Camp Cookery


Staff member
Joined Oct 7, 2001
Camping season is just around the corner (in fact we head out for our first weekend trip next weekend, come sun or snow!) and with that comes the joy of open-fire cooking. I was wondering what all you like to cook while out camping? Do you have a favorite recipe? Or maybe a great tip to share with all of us?

The two couples we usually go with are all foodies, like me and Wanda, so even though we do Hamburgers & hot dogs we also try to do a couple of interesting meals. One of my favorites (newly favorite as I created it last time out) is Tandoori Spiced Grilled Chicken Thighs with Sweet Potatoes and Caramelized Onions. It is simple and much of it is make ahead. At home I rub down chicken thighs with a mixture of Tandoori Seasoning (found at Penzey's or The Spice House) mixed with some ground Chipotle, to kick up the heat. I also make a ''hobo'' packet of peeled, sliced and blanched sweet potatoes, caramelized onions, salt, pepper, butter, a hint of cinnamon, and a hint of the ground chipotle. This is wrapped in 2-3 layers of aluminum foil. Everything is put into the cooler and all I have to do grill the chicken and throw the ''hobo packet'' into the embers to heat it up.

While camping I am all about saving time on the cooking chores (that leaves more time for hiking, running the dogs and of course drinking serious amounts of beer), so we do lots of things in advance, and pack it up to take with us. We usually do oatmeal for one breakfast so I mix it all up with loads of nuts and dried fruits, sugar, salt, etc. and put it into a ziplock bag so all you have to do is boil water, add the contents of the bag and stir. Muffeletta style sandwiches are also great. I make them the morning we leave, wrap them in a couple layers of plastic wrap, and since I use really crusty bread they are perfect the following day for lunch. All that oil and vinegar has seeped into the bread, but they aren't overly soggy, and all those flavors have add 24+ hours to meld and mingle.


Staff member
Joined Mar 29, 2002
The cast iron dutch oven is one of the great tools of camp cooking. It opens up fresh breads, pizzas, braises, stews and casseroles.

Back in November, I showed a monster convection dutch oven like I have. We cooked a turkey in it in March out ice fishing. It's good for smoking ribs and beer can chickens.

Over Memorial Day weekend, many of the Polynesians head out to a ghost town they originally colonized and throw a monster bash. Pit cooked whole pigs, and other specialties make an appearance. My nieghbor is one of the planners of that bash and it's some serious outdoor eatin'.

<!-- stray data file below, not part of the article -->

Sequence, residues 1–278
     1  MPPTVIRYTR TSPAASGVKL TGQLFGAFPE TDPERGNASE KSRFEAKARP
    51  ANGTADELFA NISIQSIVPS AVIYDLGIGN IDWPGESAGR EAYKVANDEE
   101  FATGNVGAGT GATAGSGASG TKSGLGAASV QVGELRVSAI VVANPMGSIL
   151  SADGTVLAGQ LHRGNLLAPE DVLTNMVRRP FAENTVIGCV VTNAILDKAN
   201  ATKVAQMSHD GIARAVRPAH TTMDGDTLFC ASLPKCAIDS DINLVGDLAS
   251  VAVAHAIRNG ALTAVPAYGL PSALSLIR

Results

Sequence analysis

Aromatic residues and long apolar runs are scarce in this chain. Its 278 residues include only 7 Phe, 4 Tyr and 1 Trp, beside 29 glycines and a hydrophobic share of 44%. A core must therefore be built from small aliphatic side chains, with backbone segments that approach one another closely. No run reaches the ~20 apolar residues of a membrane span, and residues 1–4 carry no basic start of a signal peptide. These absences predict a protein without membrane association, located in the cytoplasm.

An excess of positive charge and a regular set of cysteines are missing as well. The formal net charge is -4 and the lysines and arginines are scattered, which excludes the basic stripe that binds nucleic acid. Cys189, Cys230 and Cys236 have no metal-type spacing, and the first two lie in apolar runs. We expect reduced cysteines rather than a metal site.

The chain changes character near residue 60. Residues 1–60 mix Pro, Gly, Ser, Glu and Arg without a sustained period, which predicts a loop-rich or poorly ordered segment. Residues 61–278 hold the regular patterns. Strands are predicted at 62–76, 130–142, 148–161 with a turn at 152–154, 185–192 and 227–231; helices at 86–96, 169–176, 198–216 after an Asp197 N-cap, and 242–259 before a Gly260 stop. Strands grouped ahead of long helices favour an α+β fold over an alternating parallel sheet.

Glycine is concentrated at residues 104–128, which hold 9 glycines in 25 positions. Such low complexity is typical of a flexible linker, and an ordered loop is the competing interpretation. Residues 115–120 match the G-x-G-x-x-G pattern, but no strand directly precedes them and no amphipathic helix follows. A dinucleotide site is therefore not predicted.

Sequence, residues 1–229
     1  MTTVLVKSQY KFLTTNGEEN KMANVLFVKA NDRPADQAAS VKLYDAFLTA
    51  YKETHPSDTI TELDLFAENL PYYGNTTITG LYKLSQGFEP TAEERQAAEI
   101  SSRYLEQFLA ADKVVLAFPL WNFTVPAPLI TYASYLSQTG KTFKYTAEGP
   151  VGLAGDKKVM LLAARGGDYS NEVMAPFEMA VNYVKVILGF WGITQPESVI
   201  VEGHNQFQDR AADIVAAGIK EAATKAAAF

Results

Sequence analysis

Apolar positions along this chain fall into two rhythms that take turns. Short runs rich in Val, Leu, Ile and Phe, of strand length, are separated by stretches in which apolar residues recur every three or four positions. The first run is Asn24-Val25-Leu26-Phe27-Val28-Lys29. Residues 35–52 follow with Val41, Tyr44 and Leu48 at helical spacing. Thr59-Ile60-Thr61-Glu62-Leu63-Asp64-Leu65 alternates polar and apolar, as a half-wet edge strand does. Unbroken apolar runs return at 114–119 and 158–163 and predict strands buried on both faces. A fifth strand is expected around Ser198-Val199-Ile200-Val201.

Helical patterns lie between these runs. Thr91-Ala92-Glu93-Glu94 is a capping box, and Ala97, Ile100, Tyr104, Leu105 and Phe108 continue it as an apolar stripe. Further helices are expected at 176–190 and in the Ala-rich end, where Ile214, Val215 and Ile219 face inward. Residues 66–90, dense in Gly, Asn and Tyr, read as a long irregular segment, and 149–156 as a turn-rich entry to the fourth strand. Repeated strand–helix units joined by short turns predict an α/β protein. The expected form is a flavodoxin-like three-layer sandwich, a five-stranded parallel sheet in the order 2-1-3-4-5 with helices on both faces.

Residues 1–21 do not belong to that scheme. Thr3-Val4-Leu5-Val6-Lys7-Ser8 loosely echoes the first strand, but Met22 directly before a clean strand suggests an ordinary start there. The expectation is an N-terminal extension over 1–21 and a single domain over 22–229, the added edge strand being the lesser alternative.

Over life fire, I like kabobs, various tin foil packet meals and such.

If you want to try some other hobo tricks try a Buddy Burner

Dian Thomas in her various editions of Roughing it Easy showed me how to roast an apple over coals. Very simple. On a long skewer, roast a good quality tart baking apple, Granny Smith is my preference. When the skin softens, thinly cut it away. Roll in sugar and cinnamon and roast again until the sugar crusts up. Thinnly cut away the cooked soft apple and enjoy. Repeat the sugar coating and cook until the apple is consumed short of the core.

I use my stove more than live fire much any more. The fire restrictions have been severe the last few years and stoves have been all that's allowed. They've even banned charcoal once late spring comes around.

Joined Jan 1, 2001
I'm glad to hear other folks here are into camp cooking. Here are some of our favorites that we cook over the open fire.

On cool mornings, along with our coffee, we make what we call "Gus's Breakfast". We start by cooking some bacon in the dutch oven. When it's crisp, remove the strips and give most of the grease to the dog; then drop in hand formed biscuits around the outer edge and cover for about 12 minutes. Then drop a few eggs in the middle, top with the bacon strips ; cover and cook until eggs are done to your liking.

For dinner, vegetarian chili cooked over the fire is always on the list as is shepherd's pie and tamale pie with a cornbread topping. We always take bags of frozen marinated chicken strips to cook on sticks and wrap up in pita bread. Sometimes I take along homemade pizza dough mix with instant yeast to make grilled pizzas or bake fresh pitas on the bottom of the upturned dutch oven.

Phatch, I can't wait to try the apple cooked on a stick. That sounds great!